High-speed modulation is usually achieved by Pockels effect in which the refractive index of a material can be modified in proportion to the applied electric field. Among the materials that exhibit this effect are semiconductors such as gallium arsenide and indium phosphide, but not Silicon. Without this linear birefringence, modulation is limited to other mechanisms such as thermal or introduction of free carriers. Modulation in silicon using this free-carrier dispersion effect have only shown around 20MHz[10] with theoretical maximum bandwidths of 1GHz[11]—far too low for even the slowest optical systems. Normally direct modulation is achieved by the means of lithium niobate, which has a strong piezo-electric effect. With lithium niobate, an applied electric field changes the speed at which light propagates through it. Silicon does not exhibit this property, instead, carriers must be injected into the device to induce a phase shift—however, the maximum speed is limited by the ability to move charge carriers.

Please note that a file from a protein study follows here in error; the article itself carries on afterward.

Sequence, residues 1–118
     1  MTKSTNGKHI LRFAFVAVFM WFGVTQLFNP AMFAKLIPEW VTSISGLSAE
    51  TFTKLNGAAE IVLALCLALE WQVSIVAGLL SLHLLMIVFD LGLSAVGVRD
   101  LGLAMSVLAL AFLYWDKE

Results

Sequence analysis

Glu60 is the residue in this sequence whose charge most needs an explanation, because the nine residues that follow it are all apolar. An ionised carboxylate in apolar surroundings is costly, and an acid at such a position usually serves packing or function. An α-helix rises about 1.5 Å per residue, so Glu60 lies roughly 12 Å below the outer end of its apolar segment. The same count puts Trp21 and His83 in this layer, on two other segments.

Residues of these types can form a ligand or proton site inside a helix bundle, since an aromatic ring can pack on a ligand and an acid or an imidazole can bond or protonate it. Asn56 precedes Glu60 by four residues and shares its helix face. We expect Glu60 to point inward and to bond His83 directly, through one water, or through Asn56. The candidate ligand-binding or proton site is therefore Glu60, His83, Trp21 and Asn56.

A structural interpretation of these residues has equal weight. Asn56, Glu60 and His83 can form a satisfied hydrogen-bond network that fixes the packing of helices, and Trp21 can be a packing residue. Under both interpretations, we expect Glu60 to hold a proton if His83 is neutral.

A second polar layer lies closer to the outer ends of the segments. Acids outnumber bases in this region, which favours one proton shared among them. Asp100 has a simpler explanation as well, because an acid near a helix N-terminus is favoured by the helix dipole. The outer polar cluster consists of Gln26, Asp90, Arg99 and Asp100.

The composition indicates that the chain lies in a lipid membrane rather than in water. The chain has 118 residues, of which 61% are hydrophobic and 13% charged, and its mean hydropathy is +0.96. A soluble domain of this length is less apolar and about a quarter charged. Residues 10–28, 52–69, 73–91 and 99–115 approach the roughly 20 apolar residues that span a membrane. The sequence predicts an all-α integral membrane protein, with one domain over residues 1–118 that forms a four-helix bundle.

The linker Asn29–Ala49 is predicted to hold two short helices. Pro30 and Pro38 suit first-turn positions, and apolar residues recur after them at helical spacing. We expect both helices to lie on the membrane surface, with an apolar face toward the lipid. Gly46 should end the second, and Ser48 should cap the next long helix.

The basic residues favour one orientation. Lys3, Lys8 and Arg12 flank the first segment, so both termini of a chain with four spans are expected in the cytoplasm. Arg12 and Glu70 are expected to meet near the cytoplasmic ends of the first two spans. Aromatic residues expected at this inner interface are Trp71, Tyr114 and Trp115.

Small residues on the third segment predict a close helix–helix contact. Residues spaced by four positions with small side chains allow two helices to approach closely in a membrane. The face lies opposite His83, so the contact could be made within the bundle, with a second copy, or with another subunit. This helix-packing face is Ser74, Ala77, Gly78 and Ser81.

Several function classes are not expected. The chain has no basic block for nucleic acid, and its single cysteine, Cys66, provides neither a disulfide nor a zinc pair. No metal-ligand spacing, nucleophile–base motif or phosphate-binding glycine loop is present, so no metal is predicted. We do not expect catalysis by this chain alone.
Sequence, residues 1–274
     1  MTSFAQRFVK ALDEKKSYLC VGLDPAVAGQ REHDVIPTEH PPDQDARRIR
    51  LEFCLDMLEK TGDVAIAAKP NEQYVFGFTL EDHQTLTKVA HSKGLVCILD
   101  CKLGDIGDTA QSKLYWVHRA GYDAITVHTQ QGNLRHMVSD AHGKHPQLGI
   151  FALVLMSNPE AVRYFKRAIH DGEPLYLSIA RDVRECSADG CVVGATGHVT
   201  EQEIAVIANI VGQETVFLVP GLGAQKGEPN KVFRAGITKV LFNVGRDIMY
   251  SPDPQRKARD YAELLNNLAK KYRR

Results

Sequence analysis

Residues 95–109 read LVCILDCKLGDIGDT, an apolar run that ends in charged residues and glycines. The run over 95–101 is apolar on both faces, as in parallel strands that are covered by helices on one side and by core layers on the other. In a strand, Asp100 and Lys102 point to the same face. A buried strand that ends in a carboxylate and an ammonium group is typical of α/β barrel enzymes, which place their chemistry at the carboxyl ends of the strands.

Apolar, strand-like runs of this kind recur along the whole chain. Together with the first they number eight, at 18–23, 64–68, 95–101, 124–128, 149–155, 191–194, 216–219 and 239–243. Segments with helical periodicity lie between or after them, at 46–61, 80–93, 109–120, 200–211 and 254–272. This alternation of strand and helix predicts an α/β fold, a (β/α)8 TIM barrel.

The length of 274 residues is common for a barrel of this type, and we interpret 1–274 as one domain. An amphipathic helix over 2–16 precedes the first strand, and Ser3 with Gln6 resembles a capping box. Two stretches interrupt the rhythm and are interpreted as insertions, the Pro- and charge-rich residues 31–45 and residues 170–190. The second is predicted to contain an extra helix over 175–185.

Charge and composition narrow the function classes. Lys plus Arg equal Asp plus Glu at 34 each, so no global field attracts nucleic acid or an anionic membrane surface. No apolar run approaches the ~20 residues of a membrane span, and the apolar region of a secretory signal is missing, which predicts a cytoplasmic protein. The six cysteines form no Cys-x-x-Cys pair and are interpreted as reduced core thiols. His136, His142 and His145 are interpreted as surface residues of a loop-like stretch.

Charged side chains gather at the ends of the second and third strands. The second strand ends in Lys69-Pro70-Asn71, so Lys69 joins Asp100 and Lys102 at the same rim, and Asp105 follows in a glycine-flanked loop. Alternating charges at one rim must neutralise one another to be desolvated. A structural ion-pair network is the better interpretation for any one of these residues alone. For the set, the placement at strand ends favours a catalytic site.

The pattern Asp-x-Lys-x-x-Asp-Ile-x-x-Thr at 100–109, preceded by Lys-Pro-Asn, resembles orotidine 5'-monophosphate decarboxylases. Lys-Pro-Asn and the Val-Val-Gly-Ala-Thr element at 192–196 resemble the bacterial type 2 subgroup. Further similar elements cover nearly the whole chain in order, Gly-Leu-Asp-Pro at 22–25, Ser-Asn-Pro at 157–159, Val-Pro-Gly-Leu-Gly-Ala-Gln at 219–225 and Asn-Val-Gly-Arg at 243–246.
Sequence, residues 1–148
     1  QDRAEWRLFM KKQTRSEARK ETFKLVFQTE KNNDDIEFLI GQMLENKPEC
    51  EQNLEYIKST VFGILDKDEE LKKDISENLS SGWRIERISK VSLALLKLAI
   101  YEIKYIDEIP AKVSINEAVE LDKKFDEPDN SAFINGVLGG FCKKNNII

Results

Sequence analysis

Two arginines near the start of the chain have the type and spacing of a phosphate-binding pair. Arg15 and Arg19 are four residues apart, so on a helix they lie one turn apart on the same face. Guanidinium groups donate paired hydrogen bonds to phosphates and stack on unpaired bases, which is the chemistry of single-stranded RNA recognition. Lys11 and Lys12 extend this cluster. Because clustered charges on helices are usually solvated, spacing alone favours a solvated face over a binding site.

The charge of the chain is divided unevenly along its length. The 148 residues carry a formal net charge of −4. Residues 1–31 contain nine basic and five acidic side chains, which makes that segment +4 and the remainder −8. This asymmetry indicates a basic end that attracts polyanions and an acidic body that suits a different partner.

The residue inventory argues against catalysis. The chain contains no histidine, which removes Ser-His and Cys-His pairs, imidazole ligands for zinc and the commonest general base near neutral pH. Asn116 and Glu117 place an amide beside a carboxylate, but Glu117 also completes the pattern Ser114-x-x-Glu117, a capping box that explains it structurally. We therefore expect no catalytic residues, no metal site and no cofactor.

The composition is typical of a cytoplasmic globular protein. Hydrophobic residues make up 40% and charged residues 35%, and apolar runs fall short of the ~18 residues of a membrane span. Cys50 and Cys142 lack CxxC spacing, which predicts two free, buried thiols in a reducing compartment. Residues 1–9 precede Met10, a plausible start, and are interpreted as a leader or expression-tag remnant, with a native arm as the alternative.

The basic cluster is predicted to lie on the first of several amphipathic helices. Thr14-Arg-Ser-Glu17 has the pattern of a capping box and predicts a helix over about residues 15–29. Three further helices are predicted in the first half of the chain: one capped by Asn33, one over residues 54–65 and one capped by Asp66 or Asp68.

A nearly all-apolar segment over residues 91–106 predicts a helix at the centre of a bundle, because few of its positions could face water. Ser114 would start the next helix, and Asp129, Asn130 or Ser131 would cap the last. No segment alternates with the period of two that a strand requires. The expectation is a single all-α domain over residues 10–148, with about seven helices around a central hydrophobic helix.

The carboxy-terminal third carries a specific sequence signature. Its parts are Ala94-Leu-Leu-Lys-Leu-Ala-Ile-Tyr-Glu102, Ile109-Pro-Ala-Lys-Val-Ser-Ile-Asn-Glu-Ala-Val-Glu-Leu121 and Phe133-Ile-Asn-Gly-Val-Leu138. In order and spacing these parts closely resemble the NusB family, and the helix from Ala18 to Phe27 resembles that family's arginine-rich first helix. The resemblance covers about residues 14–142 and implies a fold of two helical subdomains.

Complete light modulation occurs by splitting and phase-shifting one branch with respect to the other. By phase-shifting relative to one another and recombining, a full phase shift results in a amplitude modulation of zero as the intensities of light effectively cancel one another out. In February of 2004, Intel announced the first Gigahertz silicon modulator which integrated a scalable, transistor-like device that was able to quickly move charge carriers and transmit up to 10Gb/s. The total length of the entire modulator tested by Intel was 15 mm including the input and output waveguides and splitters. An applied voltage induced charges near the gate dielectric of the capacitor which changed the phase of any light passing through it. High-speed circuitry was used to drive the transistor-like device making it capable of inserting electrons and holes on opposite sides of the oxide layer. In this design the driving circuitry was simply wirebonded to pads and used 3.3v; the total on-chip loss was 10dB[12]. At the time, it was predicted that improvements to the circuitry and optimizing doping profiles would allow for 1v CMOS driving circuitry with as little as 2 dB on-chip loss[13].